New research is revealing how important the skills of camera operators are in the effective use of CCTV systems.
Reducing alcohol-related violence and other disorder around licensed venues in late night entertainment areas is a reason nominated by most local governments in Australia for installing a CCTV system. Despite this, CCTV systems are still overwhelmingly being used mainly to provide evidence to the Police for successful prosecutions.
According to recent research, part of the reason for this is that we don’t have the techniques to measure how effective CCTV is and the range of ways in which it works. This has led to a grab-bag of evaluation projects with researchers looking at a range of different applications of CCTV and methods to measure its effectiveness.
An Australian study recently found that 40 per cent of all assaults seen on the CCTV system in Cairns, Queensland were interrupted by camera operators dispatching street security personnel to intervene, thereby preventing more severe injuries arising from these assaults.
Previous evidence from the UK suggests CCTV systems which use real-time communication between camera room operators and police or street security patrols limits violence due to rapid deployment of a physical response. With the average cost of an assault related hospitalisation in Australia upwards of $16,000 (2005), there is substantial savings to the community in reducing assault and alcohol related violence.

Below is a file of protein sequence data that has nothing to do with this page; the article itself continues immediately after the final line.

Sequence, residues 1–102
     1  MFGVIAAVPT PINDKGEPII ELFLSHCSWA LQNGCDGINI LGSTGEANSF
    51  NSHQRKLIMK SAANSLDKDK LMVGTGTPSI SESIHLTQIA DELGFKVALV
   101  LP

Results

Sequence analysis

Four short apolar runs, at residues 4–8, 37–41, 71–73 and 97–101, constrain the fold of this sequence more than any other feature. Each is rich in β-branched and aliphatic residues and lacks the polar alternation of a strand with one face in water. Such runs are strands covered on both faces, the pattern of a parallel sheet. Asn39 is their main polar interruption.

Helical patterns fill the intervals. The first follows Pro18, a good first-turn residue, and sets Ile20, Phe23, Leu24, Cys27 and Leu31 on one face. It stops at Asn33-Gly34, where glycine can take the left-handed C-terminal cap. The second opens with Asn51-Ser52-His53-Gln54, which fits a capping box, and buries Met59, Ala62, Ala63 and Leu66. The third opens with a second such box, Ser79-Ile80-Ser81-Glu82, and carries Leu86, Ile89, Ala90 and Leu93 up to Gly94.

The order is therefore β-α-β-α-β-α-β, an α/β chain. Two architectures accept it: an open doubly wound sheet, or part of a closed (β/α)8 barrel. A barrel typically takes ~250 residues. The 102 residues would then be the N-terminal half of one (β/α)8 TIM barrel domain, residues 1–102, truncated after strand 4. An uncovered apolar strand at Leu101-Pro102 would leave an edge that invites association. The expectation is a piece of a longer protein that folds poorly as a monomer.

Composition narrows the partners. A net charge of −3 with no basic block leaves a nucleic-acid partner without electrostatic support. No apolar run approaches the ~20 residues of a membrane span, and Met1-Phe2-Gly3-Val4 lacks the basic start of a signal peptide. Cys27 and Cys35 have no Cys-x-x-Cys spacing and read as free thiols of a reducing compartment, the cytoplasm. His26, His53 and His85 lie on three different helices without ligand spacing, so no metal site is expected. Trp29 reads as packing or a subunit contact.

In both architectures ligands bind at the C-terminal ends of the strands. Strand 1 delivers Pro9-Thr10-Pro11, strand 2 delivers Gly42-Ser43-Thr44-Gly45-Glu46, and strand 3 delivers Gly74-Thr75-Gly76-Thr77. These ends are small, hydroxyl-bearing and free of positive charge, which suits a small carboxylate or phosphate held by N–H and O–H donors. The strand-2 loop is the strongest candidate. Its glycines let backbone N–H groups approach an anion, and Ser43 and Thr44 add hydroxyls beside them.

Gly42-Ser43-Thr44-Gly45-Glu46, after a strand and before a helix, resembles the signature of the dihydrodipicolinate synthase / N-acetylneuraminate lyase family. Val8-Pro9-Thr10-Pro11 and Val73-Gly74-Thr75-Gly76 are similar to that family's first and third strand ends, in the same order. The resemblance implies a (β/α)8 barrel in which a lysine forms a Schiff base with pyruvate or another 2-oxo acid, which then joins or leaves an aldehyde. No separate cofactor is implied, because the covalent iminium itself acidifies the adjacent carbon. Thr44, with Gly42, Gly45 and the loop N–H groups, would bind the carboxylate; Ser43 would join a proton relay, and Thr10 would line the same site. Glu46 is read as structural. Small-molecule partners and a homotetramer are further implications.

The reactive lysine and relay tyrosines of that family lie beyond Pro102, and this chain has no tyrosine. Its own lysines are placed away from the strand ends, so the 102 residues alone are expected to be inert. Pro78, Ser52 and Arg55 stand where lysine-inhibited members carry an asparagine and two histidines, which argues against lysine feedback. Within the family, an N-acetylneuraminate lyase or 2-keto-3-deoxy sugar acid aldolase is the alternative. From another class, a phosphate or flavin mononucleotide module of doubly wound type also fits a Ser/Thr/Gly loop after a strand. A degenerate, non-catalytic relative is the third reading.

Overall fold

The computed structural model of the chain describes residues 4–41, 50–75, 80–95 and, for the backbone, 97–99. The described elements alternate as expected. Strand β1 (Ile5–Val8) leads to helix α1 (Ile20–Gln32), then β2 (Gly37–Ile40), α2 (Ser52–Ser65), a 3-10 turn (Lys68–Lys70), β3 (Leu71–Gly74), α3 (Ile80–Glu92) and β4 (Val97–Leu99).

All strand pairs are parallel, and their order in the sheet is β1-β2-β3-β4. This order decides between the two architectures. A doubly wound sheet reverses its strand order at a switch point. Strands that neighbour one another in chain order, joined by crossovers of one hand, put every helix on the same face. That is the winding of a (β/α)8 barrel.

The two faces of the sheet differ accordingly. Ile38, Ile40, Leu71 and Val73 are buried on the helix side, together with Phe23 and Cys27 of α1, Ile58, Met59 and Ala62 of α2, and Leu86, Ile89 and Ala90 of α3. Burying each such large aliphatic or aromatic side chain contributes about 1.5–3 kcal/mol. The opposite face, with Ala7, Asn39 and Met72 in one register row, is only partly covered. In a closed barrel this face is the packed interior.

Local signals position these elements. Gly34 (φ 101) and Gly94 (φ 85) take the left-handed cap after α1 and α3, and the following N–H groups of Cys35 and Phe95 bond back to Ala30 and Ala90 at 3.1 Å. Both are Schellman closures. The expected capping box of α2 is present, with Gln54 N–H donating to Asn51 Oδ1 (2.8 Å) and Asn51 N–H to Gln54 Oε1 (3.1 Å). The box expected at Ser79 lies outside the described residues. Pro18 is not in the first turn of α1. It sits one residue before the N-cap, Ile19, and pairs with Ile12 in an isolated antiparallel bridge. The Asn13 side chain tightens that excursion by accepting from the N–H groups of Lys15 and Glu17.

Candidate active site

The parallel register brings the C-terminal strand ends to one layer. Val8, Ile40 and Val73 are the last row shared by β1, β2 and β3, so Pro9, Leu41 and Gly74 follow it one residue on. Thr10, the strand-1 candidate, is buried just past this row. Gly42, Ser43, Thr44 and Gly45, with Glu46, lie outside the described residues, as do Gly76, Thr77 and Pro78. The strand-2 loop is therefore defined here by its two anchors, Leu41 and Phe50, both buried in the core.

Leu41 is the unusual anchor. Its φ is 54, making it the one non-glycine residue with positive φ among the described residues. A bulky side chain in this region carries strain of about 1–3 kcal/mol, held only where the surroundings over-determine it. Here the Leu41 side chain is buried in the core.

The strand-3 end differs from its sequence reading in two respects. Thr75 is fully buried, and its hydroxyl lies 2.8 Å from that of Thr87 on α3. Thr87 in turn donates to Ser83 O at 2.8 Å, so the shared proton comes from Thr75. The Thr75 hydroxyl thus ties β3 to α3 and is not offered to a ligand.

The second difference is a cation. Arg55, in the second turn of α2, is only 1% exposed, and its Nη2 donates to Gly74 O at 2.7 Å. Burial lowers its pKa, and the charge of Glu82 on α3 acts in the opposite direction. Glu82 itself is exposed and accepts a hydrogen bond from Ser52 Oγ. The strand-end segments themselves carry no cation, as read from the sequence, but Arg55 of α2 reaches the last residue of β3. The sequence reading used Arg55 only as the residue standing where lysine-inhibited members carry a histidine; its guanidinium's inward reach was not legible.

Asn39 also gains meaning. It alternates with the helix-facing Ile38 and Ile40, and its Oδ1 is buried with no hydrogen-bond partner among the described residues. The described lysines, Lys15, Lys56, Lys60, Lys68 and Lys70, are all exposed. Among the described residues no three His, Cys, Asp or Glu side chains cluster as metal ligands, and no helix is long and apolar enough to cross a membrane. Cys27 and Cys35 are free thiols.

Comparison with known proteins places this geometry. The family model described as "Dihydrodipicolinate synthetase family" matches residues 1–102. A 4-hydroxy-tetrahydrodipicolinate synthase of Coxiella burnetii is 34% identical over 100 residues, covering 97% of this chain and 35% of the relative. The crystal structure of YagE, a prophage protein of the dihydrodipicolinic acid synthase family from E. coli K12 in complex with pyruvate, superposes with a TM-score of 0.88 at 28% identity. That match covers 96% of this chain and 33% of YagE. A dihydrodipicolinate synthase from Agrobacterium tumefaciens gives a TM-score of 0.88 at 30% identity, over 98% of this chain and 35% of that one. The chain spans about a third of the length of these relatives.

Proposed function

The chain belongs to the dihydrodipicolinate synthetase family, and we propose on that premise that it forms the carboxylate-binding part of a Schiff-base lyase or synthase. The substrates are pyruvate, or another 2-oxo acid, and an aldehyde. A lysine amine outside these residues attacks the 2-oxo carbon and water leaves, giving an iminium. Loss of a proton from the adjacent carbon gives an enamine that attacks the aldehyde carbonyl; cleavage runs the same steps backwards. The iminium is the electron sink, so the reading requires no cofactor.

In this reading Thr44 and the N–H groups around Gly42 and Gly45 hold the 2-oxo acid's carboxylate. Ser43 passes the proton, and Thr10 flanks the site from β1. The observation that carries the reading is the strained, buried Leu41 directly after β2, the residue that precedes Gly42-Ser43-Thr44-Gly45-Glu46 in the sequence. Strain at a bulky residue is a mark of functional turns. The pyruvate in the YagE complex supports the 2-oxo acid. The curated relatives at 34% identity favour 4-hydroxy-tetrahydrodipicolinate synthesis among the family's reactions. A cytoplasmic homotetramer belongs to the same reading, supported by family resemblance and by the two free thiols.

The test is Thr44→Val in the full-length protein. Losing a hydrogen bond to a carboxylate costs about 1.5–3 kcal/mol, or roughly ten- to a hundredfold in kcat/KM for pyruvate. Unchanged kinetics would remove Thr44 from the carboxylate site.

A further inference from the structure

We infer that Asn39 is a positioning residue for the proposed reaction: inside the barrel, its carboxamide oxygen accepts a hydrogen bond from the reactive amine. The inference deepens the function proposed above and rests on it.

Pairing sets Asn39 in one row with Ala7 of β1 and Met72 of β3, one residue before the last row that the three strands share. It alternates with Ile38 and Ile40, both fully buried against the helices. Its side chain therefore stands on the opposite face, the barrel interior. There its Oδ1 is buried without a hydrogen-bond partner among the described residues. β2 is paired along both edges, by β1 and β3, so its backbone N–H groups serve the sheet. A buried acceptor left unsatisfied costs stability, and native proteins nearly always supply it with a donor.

Furthermore, there is an opportunity to enhance camera operator skills to increase response times, and to further prevent injuries to patrons and bystanders.
More than 16,000 academic articles have been published on CCTV evaluation. Many of these talk about technological solutions, but few have looked at the human performance of the operators within the monitoring room. The first of these was a landmark study by Norris and Armstrong (1999) which documented management practices, identified reasons monitoring is initiated and found the existence of bias in monitoring.
Since then there has been a growing awareness among researchers about the complexities within CCTV systems, but finding and applying effective tools to improve the quality of operator performance has not been achieved in a systematic way. Realist evaluation may offer the best method to systematically research ways to measure and improve the effectiveness of monitored CCTV systems, including performance of camera operators.
The Realist Evaluation model states that outcomes are the function of different mechanisms operating within a localised, specific context. Nevertheless all monitored, urban CCTV systems have some similarities in contexts. Camera room staff, operations and communication are all key, particularly in the accuracy of data recorded by the operators.
In addition, continuous improvement in all these areas through measurement and training are vital. Possibly the most important factor is a precise definition of the outcomes the system is trying to achieve. This involves management, staff and the community, as well as external stakeholders like police to clearly describe what the system is supposed to target.
Measuring CCTV’s effectiveness in contributing to a safer community, or place-based solutions can be done if:
• Organisations know what they are trying to achieve
• They clearly define and communicate this to camera operators and external partners
• They apply continuous quality management principles of auditing and training.